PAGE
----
When designing a poll or a survey, there are several tips and best practices to consider.
- DEFINE YOUR OBJECTIVES. Clearly identify the purpose of your poll and the specific information you want to gather.
Good objective: Determine the most popular ice cream flavors among a group of respondents.
Bad objective: Collect general information about ice cream preferences.
2. USE HASHTAGS, ADD INTEREST GROUPS.
3. KEEP IT TO THE POINT. People have limited attention spans. Their focus needs questions as short and sweet as possible.
Do: Keep the poll short and focused on ice cream flavors.
Don’t: Include irrelevant questions about dessert preferences.
4. Catching attention by incorporating ATTENTION-GRABBING ELEMENTS like photos, videos and other digital content could help tremendously.
5. SIMPLE AND CLEAR LANGUAGE. Avoid slang, technical terms, or complex sentence structures that could confuse respondents.
Yes: “What is your favorite ice cream flavor?”
No: “What is the supreme, unparalleled, unbeatable ice cream flavor that reigns supreme in your heart and leaves all other flavors in the dust?”
6. Start with DEMOGRAPHIC QUESTIONS. Relevant to longer surveys, beginning with a few demographic questions (e.g., age, gender, location) to gather basic information about the respondents.
Good Example: “What is your age group?”
Bad Example: “What is your age, height, weight, favorite color, and shoe size?”
7. Explore different QUESTION TYPES to capture different aspects of the topic. There are one-word answer polls, called word clouds, multiple-choice, rating or ranking questions, open-ended, and yes/no questions. However, keep the balance and don’t overload the survey with too many complex question types.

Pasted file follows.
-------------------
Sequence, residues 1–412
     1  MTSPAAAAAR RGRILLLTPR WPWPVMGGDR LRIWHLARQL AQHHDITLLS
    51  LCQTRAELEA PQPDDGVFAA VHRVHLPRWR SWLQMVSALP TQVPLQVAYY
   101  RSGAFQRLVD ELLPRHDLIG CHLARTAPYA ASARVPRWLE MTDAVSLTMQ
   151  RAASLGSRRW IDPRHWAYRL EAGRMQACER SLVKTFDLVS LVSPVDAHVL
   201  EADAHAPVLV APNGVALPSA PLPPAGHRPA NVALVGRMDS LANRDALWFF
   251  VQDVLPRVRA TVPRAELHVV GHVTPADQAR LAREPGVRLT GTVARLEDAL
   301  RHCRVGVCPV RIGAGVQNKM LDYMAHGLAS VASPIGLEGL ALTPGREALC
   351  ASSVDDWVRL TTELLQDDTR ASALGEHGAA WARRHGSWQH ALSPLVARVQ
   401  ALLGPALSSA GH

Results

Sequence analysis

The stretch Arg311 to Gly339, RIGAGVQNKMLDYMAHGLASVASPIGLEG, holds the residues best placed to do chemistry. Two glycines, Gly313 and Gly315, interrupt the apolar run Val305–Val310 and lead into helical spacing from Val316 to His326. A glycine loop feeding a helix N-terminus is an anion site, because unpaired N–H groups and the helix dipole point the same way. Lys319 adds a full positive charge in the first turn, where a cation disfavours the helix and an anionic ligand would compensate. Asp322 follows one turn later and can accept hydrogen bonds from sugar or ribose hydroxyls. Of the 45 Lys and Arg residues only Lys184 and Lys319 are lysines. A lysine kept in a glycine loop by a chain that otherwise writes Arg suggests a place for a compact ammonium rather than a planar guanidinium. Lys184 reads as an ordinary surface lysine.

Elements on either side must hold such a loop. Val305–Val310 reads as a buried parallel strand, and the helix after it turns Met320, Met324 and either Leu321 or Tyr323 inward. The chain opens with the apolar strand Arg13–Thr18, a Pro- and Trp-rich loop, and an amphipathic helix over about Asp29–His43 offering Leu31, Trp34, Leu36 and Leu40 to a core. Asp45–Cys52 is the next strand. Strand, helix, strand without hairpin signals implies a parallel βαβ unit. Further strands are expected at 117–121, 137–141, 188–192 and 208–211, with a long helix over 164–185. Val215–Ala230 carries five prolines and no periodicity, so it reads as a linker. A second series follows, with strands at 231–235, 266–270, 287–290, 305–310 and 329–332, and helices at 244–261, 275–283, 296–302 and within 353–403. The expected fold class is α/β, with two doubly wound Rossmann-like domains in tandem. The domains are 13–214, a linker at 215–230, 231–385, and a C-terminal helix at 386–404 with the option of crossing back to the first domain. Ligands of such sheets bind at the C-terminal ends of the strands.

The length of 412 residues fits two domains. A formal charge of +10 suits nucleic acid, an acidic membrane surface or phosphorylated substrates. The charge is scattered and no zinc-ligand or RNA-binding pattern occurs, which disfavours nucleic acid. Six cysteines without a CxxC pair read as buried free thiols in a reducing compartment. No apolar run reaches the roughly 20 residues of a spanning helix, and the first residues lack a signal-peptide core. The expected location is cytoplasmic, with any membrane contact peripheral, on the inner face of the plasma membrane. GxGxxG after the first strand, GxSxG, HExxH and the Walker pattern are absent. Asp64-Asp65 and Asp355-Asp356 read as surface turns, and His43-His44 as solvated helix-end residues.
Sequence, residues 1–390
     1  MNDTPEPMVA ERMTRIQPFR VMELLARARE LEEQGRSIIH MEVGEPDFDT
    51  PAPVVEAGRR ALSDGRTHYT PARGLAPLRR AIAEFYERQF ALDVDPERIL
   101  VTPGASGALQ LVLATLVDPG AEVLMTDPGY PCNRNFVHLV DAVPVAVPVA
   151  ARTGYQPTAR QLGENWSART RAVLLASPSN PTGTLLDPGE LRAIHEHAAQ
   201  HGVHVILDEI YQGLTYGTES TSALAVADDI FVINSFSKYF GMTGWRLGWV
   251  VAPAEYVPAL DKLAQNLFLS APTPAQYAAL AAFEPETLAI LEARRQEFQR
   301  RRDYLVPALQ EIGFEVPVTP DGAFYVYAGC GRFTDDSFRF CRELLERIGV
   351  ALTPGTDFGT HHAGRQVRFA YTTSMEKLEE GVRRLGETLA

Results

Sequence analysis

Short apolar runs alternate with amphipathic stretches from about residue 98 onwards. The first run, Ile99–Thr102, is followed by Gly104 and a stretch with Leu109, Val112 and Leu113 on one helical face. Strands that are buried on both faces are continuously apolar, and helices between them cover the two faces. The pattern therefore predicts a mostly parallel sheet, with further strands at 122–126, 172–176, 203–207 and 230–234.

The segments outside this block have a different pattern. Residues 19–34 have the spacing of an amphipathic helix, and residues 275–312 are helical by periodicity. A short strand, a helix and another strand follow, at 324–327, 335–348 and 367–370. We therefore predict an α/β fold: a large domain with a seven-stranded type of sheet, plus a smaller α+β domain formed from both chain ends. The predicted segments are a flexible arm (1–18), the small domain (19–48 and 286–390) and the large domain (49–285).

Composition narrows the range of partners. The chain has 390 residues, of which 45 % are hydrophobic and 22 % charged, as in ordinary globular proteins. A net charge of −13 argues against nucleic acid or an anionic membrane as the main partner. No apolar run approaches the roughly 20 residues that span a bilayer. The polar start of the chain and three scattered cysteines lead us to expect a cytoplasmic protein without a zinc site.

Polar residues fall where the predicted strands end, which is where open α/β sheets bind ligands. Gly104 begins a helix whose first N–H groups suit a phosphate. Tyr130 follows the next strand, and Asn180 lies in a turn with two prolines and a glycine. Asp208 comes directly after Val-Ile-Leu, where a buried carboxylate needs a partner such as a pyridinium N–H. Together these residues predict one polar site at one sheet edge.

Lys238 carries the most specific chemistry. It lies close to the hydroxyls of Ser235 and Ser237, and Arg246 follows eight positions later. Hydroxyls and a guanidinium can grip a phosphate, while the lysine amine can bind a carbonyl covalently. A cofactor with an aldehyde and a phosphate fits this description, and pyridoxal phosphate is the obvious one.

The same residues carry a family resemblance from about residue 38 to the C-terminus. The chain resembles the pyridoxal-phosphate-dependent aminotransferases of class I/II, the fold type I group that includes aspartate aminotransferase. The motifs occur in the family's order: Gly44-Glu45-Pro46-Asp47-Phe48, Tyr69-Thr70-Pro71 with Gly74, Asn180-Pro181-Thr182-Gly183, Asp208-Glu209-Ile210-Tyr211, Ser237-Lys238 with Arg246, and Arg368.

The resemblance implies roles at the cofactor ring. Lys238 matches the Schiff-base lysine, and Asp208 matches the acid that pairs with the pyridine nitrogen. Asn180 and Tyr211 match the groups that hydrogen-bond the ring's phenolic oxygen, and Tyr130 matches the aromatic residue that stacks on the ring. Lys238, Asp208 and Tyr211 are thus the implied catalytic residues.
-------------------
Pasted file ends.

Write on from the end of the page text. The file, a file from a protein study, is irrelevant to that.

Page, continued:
Good Example: “Which of the following flavors do you enjoy? (Select all that apply)”
Bad Example: “Please rate the taste, texture, appearance, and color of your favorite ice cream flavor on a scale of 1 to 10.”
8. Ensure mutually EXCLUSIVE AND EXHAUSTIVE options.
Good Example: “Which of the following is your favorite ice cream flavor?”
- Other (please specify)
Bad Example: “Which of the following is your favorite ice cream flavor?”
- Milk chocolate
- Dark chocolate
- White chocolate
9. AVOID leading or biased questions. See our guide to identifying biased polls.
Good Example: “How frequently do you consume ice cream?”
Bad Example: “Since ice cream is the best dessert, how often do you indulge in this heavenly treat?”
10. RANDOMIZE or rotate answer options. PollPapa will do this for you every time you use a multiple-choice question. This helps to minimize response biases caused by the order of the choices.
Good Example: Randomly order the options for each respondent.
Bad Example: Always list chocolate as the first option for every respondent.
11. INCLUDE AN OPEN-ENDED QUESTION. This input might prove invaluable if the ready answers, for some reason, haven’t captured the essence of the respondents’ preferences
Do: “Is there any other ice cream flavor you would like to mention or any comments you would like to share?”
Don’t: Exclude an open-ended question and limit respondents’ ability to provide additional insights.
12. Browsing through our most popular and highly rated polls will provide you with some good inspiration.
….AND YOU ARE READY TO START POLLING!
Uncovering manipulative methods used in biased polls and surveys.